Sunday, September 10, 2017

Home Front: Life in America During World War II, by Audible Original, Martin Sheen (narrator)

Audible Original, September 2017

This is an Audible Original production; there is no previous book. It uses oral histories including contemporaneous materials to look at what life was like at home during World War II.

Long ago when I was young, World War II was truly a living memory; not only did we study it in school, but our parents had lived through it, often served in the war. We knew about Pearl Harbor, and we knew about Hiroshima and Nagasaki. Depending on where we lived, even if we were not Jewish we were likely to know people who had sadly truncated families because so many relatives had died in the death camps. We knew the names of the major battles in Europe and in the Pacific.

This isn't about that. This is about what happened at home, in the US, something rarely covered in any meaningful way in our school classes, and apparently much less interesting for our parents and aunts and uncles to talk about.

This is about rationing and paper drives and saving cooking oil. It's about women being pressured both to enter the work force in ways they had never been allowed to before, and at the same time being pressured to be soft and beautiful and willing, for the soldiers going off to war. It's about African-Americans (though Negro was still the preferred term at the time) seeking both the right to fight for their country on equal footing with white Americans, and to be treated equally when they did serve. It's about Japanese-Americans being rounded up into camps as "enemy aliens," and about young Japanese-American men forming the most decorated combat unit of the war.

It's about how disruptive all this was to social life in America, as people were suddenly working and living alongside races and ethnicities they'd never had much or even any contact with before.

It's told in the voices of the people who lived it. Some were recorded for the still new and exciting radio, during the war. Others were recorded after the war, even decades later, for a variety of oral history projects. I think everyone will learn something from this. I've always been a history buff, and I thought I knew this history pretty well, but many details were new, and some things were completely new. Antisemitism, the internment of Japanese-Americans, the much less comprehensive round-up of Italian-Americans, the German-American Bund--I'd encountered all of those.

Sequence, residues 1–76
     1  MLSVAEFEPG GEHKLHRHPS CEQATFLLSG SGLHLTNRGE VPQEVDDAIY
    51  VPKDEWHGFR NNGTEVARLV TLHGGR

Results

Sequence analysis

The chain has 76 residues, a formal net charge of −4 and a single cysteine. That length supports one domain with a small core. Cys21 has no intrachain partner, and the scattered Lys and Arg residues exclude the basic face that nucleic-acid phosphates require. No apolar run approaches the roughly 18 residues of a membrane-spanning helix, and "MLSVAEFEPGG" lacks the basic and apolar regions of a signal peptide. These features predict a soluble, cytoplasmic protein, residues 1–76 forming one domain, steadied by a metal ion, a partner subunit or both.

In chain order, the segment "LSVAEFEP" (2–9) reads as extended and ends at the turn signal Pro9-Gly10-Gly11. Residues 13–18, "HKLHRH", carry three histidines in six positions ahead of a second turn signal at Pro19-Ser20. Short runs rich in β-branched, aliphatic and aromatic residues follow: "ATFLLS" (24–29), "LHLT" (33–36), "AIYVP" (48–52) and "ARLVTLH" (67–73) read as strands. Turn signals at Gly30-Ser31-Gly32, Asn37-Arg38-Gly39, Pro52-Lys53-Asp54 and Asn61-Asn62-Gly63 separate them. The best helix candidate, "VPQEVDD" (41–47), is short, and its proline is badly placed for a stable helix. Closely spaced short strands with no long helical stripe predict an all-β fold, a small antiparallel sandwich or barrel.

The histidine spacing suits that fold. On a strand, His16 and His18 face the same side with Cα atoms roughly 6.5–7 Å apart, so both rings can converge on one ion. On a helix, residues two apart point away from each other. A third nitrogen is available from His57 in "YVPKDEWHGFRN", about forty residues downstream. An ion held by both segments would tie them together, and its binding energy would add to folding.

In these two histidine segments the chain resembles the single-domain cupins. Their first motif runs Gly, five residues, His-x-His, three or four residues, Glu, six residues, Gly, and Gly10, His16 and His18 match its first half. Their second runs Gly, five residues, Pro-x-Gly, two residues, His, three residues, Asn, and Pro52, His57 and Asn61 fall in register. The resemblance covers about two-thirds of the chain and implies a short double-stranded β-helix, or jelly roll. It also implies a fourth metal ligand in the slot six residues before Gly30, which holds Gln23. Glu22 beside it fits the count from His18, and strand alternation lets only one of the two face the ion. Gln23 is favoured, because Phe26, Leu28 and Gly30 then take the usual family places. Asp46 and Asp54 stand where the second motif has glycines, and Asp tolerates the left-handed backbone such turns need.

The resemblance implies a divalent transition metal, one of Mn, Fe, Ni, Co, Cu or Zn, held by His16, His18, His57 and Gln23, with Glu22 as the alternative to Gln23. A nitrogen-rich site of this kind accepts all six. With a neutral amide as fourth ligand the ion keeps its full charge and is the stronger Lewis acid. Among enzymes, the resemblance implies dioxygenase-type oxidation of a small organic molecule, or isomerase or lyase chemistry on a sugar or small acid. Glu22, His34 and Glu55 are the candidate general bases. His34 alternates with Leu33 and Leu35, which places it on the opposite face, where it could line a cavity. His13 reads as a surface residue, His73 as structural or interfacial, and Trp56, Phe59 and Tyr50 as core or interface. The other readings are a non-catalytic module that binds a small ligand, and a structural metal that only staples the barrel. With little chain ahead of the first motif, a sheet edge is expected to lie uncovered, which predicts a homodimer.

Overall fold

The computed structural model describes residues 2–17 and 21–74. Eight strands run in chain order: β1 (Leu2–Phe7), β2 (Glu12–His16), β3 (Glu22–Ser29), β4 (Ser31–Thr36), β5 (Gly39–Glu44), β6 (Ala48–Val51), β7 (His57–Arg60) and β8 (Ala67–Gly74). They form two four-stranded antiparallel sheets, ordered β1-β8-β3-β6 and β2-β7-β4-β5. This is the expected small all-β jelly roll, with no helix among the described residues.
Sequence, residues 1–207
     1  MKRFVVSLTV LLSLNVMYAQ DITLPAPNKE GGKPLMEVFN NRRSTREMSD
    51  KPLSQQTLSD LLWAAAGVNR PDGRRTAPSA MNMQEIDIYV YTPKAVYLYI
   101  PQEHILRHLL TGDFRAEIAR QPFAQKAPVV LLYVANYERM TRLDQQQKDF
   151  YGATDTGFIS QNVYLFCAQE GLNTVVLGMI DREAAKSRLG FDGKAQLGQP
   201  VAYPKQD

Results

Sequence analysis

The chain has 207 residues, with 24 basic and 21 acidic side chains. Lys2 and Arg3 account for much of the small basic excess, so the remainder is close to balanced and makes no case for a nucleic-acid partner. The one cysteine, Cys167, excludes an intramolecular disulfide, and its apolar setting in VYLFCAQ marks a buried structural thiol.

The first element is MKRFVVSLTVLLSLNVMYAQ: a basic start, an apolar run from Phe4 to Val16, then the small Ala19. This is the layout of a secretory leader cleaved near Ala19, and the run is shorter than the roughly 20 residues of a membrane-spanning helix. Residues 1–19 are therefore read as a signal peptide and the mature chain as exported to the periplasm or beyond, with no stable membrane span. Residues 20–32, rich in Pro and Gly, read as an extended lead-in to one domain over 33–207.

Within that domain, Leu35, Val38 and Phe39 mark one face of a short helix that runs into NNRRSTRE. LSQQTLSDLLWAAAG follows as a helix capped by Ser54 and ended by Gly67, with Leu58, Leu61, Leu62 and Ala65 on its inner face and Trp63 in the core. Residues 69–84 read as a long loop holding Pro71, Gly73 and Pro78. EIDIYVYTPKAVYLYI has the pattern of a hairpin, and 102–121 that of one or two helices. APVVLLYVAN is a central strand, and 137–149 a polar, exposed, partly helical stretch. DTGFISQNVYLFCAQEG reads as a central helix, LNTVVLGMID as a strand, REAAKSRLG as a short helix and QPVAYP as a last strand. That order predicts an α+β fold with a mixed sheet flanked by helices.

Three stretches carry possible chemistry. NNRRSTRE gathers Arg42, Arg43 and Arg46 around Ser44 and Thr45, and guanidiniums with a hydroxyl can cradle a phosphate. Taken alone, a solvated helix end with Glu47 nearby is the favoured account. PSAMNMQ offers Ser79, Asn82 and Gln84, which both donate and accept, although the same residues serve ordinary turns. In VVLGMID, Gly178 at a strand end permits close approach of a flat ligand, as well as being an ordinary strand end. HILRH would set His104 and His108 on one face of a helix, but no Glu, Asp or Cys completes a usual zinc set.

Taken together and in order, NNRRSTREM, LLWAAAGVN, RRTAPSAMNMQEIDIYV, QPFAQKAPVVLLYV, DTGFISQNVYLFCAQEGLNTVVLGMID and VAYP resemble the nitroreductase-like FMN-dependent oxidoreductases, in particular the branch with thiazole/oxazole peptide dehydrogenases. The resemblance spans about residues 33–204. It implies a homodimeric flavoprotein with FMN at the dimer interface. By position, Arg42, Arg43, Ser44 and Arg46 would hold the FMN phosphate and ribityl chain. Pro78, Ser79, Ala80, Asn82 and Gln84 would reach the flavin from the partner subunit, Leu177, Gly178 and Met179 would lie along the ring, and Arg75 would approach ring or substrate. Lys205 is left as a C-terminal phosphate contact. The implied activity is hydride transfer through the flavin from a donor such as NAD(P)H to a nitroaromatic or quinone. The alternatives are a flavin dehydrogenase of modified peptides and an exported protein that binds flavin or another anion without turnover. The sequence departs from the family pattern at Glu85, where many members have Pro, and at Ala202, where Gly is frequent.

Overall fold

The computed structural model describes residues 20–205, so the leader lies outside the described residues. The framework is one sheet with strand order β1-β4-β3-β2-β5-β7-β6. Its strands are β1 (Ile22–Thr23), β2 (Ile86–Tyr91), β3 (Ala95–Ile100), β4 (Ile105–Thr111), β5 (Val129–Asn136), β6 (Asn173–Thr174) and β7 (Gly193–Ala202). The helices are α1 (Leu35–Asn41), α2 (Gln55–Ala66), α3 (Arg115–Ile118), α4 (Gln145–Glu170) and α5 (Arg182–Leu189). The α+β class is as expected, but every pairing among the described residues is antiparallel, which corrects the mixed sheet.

Mexican-Americans and the "zoot suit riots" were completely new to me. I'd encountered the term "zoot suit" and the idea that it was associated with a relatively wild lifestyle, a forties version of the Beat Generation or the 1920s flappers. In fact it wasn't that different, except for its timing in the war, meaning that people came in contact with it who could have sneered at it from a distance in other eras.

The zoot suit was style of men's suit favored by, initially Mexican-Americans, and it became associated with their perceived wild lifestyle. They were in fact working hard in war factories like their contemporaries, but the war's movement of people to where war work was necessary, along with all ethnicities enlisting and mixing in the military meant that relatively straight-laced, Protestant, midwestern whites came in contact with this Latin, Roman Catholic culture that was much more expressive, looser, culture, more oriented to dance, music, and colorful clothing as well as activities in their leisure time. That contact, probably predictably, didn't go well. There were riots. I found it fascinating--especially as my own Roman Catholic, half-Sicilian background finds the zoot suit culture as described a lot more normal than midwestern Protestants who thought dancing was sinful.

There's also extended discussion of returning soldiers and the effects of what we now call PTSD, which was barely understood at the time.

Some of this is pretty explicit, and it can be even more startling because so much of it is in the voices of those who lived through it, speaking at the time--on a radio program intended to send the views of ordinary Americans to President Roosevelt, for instance--much of it is not filtered through later sensitivities. Be prepared to hear how people really felt then, not just how they remembered it later.

Highly recommended.

This program was available for download free "for a short time" when I got it from Audible.

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